"Hence, the next US president will be forced to consider new policy options. From what I can tell, Donald Trump has not given a lot of thought to this matter, except to suggest that it might be time for South Korea to acquire nuclear weapons of its own – something that would undoubtedly introduce fresh uncertainties into the region. Hillary Clinton would certainly consider tightening the already tight sanctions on North Korea, but this is not likely to have much effect unless China joins in, and she would have to find ways to persuade China to do that. So my guess is that she would explore bargaining moves that might entice China to put more pressure on Pyongyang – say, for example, a promise to halt deployment of the THAAD anti-missile system in South Korea," the expert said.
China’s preference for president
In the opinion of Mary-Françoise Renard, head of the Research Institute on Chinese Economy, Auvergne University, Clermont-Ferrand, even though Clinton will actively uphold US interests in Asia it will be easier for the Chinese government to find a common language with her than with Trump.
"The US has always wanted to play a central role in Asia, and China has tried to challenge that role. The US will continue to use tensions and conflicts in Asia to interfere in the relations between China and other Asian countries, which has never been to China’s liking. By the way, recently, Clinton has criticized China more actively than Trump over its human rights record, the yuan and its position on the South China Sea. But at the same time she insisted that relations with China are critically important to the United States. So I believe that China will be able to find a common language with Clinton," the French expert said.
Even many experts in China believe that it is better for Beijing to deal with a predictable Clinton than a rash Trump. According to Yu Wencheng, deputy general secretary of the Chinese Association of Periodical Publications on International Relations, Clinton is a more preferable candidate for China, since her political priorities are relatively predictable.
"It is more or less known what she will do while Trump is prone to reckless decisions, which can lead to great uncertainty in US-Chinese relations," the expert said.
Wang Yiwei, director of the Institute of International Studies at People’s University, believes that if she becomes president, Clinton will refrain from sudden moves in the Asia Pacific region.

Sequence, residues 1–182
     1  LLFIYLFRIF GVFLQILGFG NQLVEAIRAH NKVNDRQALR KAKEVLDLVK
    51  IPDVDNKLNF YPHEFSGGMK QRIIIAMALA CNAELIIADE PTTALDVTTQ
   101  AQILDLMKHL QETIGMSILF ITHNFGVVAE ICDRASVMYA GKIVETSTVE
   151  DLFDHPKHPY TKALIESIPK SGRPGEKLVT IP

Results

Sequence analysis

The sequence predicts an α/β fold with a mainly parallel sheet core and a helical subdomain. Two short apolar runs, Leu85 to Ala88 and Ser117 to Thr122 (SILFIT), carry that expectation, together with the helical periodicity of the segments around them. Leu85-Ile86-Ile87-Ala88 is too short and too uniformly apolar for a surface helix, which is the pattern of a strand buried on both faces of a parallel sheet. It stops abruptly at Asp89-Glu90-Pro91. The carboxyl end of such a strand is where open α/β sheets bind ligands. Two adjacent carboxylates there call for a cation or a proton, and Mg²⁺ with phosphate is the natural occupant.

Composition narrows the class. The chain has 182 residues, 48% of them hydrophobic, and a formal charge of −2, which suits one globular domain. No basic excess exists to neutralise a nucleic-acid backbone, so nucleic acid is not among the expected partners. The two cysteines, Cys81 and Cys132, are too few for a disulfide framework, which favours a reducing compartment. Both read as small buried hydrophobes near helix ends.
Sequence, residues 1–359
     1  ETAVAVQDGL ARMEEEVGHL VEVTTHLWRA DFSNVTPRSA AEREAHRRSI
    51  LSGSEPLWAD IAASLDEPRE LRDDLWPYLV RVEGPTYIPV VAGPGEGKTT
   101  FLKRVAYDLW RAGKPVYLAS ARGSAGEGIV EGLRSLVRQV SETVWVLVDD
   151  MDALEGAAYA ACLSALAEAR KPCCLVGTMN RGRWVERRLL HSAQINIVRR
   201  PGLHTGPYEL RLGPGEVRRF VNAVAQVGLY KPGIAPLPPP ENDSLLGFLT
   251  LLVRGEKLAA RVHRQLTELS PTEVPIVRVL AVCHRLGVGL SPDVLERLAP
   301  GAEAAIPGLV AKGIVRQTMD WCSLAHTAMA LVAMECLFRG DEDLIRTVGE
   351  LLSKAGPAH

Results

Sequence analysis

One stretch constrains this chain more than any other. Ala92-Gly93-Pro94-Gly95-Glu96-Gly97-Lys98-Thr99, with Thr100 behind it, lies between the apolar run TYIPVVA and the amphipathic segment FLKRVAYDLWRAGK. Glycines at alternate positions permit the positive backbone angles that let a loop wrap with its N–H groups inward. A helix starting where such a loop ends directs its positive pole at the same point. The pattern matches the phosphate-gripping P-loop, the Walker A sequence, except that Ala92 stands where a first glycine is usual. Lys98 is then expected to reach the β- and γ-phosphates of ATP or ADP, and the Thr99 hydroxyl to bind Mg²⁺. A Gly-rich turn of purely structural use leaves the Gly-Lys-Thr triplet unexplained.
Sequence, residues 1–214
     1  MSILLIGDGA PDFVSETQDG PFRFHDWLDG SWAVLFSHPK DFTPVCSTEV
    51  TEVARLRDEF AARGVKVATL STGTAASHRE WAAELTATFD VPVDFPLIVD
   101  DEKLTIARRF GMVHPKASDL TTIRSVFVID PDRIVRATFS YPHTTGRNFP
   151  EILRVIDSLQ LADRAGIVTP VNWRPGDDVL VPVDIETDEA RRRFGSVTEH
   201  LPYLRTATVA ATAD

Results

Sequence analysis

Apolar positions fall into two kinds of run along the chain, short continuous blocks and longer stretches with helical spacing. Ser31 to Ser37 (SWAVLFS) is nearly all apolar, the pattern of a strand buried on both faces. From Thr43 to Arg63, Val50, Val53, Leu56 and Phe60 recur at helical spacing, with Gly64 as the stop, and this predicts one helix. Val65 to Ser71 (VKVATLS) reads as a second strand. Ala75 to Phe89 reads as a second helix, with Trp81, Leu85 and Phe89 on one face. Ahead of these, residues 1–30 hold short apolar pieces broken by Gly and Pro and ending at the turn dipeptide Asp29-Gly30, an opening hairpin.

"She will be cautious on TPP issues. At the same time she will pay considerable attention to meeting challenges to US security. So she is unlikely to exert pressure on China. The United States has been confronted with domestic economic problems that need to be addressed in cooperation with China. To all appearances, Clinton will not pursue a tough policy toward China. The US and China will cooperate," the expert said.
At the same time, if Trump wins, friction in US-Chinese relations will intensify. In his earlier campaign remarks, Trump threatened to punish China for manipulating the yuan.
Trump also urged US companies to scale down their operations in China.
"Apple and all of these great companies will be making their products in the United States, not in China, Vietnam," Trump said.
Possibly, much of his campaign rhetoric will soften if Trump gets to the White House.
"Attempts to blame China for all of the US’s economic problems not only will not help address these problems, but will also worsen the country’s economic situation. I believe that Trump as a businessman will be guided by common sense. Be it the issue of cyber security or trade deficit or the yuan – on all issues, it is essential to get back to the path of consultations. Cowboy-style politics cannot help tackle the challenging problems in US-Chinese relations," Li Wei Jiang said.
"On the whole, friction is possible if Trump wins, while a Clinton victory would mean an escalation of the confrontation in the strategic and security sphere cannot be ruled out," he said.